A woman wearing a long dark dress and yellow straw hat stands next to a cow on a path which draws the viewer into the landscape. Long shadows are cast by the bushes and tree on the left. In the background the lavender blue hills of the Jura descend from left to right. The view is near Dardagny, a village in Switzerland west of Geneva.
Corot visited Switzerland more than any other country in Europe. In 1852 he was there in the company of the painters Armand Leleux and Charles-François Daubigny. When he returned the following year he stayed during July and August with Leleux’s parents-in-law in Dardagny. This view, with its fields full of ripe corn, was almost certainly painted then. Corot would have started the painting in the open air, perhaps adding such details as the figure and the cow back in the studio.
A woman wearing a long dark dress and yellow straw hat, holding a long stick, stands next to a cow on a path which draws the viewer into the landscape. Long shadows are cast by the bushes and tree on the left. There is an even, harmonious tonality throughout, from the soft grey-greens of the foliage, to the lavender blue of the hills and the pale blue of the sky. The view is near Dardagny, a village in Switzerland west of Geneva, and in the background it is the hills of the Jura which descend from left to right.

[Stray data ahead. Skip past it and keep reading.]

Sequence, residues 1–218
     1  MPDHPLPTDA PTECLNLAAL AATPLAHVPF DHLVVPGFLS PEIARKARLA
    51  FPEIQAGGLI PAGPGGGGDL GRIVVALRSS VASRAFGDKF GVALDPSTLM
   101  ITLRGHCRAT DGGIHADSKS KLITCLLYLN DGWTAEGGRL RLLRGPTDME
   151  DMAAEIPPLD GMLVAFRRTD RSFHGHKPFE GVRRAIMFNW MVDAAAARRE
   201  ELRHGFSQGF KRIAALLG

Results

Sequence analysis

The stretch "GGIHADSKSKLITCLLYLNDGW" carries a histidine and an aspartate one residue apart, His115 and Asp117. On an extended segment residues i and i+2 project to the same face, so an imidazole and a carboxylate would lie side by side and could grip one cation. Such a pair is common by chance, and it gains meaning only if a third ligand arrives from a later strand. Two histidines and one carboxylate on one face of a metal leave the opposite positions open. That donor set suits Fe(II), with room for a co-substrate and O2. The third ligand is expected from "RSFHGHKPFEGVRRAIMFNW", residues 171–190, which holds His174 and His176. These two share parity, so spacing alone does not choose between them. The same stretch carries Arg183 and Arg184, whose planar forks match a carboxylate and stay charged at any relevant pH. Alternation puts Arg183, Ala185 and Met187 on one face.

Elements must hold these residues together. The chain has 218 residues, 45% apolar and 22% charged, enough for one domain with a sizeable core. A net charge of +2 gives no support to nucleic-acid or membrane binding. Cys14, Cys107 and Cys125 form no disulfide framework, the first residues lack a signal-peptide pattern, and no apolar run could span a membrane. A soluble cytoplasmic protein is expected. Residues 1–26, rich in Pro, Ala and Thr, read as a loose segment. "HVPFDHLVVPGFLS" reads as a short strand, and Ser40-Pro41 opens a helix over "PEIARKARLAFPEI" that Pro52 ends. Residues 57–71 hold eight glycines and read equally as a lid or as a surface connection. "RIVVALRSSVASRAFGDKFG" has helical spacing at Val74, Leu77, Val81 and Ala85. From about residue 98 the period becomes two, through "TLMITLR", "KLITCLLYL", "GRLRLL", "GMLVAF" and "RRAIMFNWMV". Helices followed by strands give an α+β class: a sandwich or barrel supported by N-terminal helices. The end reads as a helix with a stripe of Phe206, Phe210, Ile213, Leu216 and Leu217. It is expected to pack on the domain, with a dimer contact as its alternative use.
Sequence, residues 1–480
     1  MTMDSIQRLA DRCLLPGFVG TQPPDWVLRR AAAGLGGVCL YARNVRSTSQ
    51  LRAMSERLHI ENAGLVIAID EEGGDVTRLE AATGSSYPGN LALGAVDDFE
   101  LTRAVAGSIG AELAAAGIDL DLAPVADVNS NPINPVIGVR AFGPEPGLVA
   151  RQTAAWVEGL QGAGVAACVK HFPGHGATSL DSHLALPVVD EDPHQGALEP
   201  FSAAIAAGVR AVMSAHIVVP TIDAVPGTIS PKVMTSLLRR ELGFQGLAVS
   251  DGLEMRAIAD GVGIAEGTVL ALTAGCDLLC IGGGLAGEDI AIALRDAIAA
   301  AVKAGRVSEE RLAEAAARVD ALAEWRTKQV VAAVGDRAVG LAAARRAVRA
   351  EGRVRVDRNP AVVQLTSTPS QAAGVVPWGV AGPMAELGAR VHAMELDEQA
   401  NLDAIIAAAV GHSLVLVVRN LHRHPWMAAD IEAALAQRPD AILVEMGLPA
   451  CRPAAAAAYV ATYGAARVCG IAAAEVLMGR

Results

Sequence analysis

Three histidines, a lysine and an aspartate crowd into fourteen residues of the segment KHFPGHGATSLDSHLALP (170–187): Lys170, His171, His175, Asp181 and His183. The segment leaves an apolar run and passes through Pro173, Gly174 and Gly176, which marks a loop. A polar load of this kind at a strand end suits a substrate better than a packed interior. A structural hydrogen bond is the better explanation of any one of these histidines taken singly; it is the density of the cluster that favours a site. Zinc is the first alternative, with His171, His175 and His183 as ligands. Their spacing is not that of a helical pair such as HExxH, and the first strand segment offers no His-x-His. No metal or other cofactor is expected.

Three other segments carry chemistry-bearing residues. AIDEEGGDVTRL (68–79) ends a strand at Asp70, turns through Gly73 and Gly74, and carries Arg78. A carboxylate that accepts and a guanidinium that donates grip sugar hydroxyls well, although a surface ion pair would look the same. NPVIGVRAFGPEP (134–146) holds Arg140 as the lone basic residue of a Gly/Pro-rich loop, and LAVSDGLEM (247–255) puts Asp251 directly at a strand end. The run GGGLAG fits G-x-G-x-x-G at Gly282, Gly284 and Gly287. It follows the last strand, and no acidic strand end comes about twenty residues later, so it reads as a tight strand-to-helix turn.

Perhaps influenced by his Swiss maternal grandfather, Corot visited Switzerland more than any other country in Europe. In 1825, on his way to Italy, he stayed in Lausanne. In 1852 he visited the country in the company of the painters Armand Leleux (1818–1885) and Charles Daubigny. When he returned the following year he was invited to stay with Leleux’s parents-in-law in Dardagny, and it was during this visit that he almost certainly painted this view. He was there during July and August, when he would have seen the fields full of ripe corn which are depicted on either side of the path.
The brushwork is fluid, the paint thin, and in many places the weave of the canvas shows through. Corot would have started this view in the open air, perhaps adding such details as the figure and the cow back in the studio. The figure of the woman also appears in a wash ink drawing Corot made in a sketchbook, which he could have referred to when placing her in the painting itself. Corot had a number of friends in Switzerland, including Charles Turrettini and his sister, Suzanne Turrettini-Necker, who was a pupil of Barthélemy Menn (1815–1893) and Alexandre Calame. Corot had a habit of lending his sketches to her, including this one, of which she made her own copy.
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